Since graduating in 2015, Freya North-Hickey has propelled herself into every opportunity available to her, which has now paid off with international recognition within her field.
Freya’s aspirations started small. She enjoyed maths and physics at Safety Bay simply for the problem-solving. Now, Freya is still solving problems, just on a much larger scale.
Freya and her astronomy peers were recently awarded the Newcomb Cleveland Prize from the American Association for the Advancement of Science (AAAS). Their research paper was focussed on Fast Radio Bursts (FRBs), which are radio emissions from outer-space that only last for milliseconds. It is not yet known what causes FRBs, but they are significant because we can use them to learn about other galaxies.
Freya and her team were the first people to trace an FRB to its origin with incredible precision, which she describes as “like identifying an apple on the face of the Moon”. The host of this FRB was a galaxy three and a half billion light years away!
Despite the complexities of her research, Freya is very modest about her achievement. “I’ve been surrounded by a great team of peers, who have really supported me through my studies. It would be impossible to complete any of this work on our own, so collaboration is really important”.
When asked about her pathway into astronomy, Freya said she originally wanted to go into nursing. However, after her first class of Human Biology, she decided it wasn’t for her. She walked straight into Mrs Hudson-Brown’s office and changed to physics. After that, she said the teachers at Safety Bay were the ones that pushed her to challenge herself.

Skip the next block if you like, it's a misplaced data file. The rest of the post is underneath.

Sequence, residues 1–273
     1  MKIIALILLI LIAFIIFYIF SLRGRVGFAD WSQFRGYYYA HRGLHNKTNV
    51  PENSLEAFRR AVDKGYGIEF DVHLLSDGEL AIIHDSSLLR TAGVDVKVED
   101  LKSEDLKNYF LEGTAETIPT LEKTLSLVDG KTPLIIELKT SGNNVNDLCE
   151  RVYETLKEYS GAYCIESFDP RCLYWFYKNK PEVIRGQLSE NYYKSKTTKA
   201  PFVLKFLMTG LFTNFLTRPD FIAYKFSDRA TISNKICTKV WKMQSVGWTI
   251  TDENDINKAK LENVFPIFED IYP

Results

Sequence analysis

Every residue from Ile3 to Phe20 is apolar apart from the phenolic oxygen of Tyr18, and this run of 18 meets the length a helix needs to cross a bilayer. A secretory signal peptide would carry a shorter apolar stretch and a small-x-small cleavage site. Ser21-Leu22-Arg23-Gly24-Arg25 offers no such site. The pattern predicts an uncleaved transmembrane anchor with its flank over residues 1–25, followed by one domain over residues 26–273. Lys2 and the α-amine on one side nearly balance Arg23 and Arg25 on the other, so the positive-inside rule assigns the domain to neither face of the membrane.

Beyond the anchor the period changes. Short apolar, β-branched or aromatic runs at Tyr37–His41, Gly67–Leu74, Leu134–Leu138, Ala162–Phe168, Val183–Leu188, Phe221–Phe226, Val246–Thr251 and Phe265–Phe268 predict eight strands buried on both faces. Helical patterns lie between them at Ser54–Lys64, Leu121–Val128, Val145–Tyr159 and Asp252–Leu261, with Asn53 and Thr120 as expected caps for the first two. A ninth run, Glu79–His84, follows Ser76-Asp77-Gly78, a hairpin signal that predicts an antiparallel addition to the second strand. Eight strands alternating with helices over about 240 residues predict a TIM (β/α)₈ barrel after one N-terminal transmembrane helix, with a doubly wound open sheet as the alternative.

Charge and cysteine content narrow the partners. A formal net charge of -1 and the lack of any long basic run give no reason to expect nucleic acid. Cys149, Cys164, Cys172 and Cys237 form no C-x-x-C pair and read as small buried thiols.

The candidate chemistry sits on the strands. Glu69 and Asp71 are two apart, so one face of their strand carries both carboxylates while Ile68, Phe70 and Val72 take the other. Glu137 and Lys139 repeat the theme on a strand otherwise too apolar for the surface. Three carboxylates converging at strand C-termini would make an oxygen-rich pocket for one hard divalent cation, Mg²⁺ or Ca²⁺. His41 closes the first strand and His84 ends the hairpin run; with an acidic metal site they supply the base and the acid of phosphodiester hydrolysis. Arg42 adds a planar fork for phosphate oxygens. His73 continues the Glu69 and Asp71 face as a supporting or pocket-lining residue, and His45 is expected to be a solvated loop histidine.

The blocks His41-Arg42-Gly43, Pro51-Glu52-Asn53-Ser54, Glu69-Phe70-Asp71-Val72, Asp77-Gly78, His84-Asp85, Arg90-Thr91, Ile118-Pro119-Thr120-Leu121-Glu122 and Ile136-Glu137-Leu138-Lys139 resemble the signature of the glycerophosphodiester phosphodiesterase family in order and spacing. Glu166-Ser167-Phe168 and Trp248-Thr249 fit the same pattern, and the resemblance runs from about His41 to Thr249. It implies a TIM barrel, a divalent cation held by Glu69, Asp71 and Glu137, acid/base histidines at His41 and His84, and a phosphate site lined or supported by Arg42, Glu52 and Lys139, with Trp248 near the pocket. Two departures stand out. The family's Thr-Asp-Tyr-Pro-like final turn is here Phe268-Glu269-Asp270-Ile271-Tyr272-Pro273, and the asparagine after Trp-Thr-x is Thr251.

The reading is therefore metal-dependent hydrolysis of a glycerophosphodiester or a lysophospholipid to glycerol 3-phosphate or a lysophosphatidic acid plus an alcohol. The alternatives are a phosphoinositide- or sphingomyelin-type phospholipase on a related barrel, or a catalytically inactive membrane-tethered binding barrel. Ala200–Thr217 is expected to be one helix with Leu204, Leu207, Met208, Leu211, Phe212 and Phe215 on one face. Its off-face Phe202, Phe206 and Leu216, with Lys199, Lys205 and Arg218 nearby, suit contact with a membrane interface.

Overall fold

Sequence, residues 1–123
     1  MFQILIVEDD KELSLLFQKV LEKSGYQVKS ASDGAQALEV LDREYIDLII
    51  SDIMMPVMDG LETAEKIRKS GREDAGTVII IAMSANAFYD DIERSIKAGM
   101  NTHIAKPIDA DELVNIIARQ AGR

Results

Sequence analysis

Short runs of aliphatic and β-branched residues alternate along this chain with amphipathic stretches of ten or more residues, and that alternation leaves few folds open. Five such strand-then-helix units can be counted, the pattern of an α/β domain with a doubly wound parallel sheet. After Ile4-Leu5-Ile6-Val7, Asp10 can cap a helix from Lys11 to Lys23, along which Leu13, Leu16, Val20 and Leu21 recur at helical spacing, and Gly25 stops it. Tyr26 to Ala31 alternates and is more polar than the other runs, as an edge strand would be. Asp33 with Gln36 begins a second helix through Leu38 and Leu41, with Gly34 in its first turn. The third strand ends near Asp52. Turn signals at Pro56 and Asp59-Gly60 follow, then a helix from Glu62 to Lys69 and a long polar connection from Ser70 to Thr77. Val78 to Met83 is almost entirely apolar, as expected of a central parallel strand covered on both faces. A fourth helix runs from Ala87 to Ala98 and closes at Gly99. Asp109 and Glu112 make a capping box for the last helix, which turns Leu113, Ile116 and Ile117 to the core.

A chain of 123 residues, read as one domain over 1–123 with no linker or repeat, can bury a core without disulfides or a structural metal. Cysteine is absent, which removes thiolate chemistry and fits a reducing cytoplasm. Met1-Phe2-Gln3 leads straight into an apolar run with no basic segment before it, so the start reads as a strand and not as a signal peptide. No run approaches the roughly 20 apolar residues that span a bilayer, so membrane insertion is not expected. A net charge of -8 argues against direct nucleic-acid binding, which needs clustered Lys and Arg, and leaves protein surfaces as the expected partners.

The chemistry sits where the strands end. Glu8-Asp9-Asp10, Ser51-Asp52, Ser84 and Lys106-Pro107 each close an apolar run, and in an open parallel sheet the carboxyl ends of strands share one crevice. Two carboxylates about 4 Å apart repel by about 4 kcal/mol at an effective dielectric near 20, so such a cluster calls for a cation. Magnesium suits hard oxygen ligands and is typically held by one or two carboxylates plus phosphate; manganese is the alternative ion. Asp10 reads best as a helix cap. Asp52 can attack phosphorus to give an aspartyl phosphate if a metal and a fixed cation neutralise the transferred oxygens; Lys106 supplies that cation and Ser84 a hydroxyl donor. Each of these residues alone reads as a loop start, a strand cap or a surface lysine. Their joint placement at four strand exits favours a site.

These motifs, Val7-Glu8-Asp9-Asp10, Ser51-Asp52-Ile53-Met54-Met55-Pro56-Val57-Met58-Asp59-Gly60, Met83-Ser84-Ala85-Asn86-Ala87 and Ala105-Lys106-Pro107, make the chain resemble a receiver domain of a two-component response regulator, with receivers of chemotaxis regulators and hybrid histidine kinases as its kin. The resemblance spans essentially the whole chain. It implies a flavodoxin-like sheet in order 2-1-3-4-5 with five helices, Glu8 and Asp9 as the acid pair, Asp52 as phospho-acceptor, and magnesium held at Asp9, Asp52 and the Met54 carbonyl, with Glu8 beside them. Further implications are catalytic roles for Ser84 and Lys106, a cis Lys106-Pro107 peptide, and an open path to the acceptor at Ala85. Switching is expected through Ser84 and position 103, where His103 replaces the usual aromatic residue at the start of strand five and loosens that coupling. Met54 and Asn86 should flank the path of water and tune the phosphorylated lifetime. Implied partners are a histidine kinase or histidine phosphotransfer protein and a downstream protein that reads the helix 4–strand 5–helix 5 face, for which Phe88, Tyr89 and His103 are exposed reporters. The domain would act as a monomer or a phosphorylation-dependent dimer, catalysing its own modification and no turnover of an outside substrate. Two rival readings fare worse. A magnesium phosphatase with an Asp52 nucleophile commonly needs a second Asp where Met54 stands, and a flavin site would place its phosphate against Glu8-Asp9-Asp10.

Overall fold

After high school, Freya started an undergraduate degree in Science at Curtin University, majoring in physics. She was still living in Rockingham at the time and said that her commute used to take her upwards of an hour via train. However, she used this as an opportunity to study on the train and then spend full days on campus.
Her next step was to apply for honours, where she chose to specialise in astronomy. Freya’s supervisor at the time then gave her the opportunity to be a collaborator on this research paper.
Freya is now completing her PhD, which is focussed on investigating FRB host galaxies. This is a large task, because it requires her to look at the stellar population (the amount of similar stars within the galaxy) and the rate at which stars form.
Hear more about Freya’s achievement in her own words: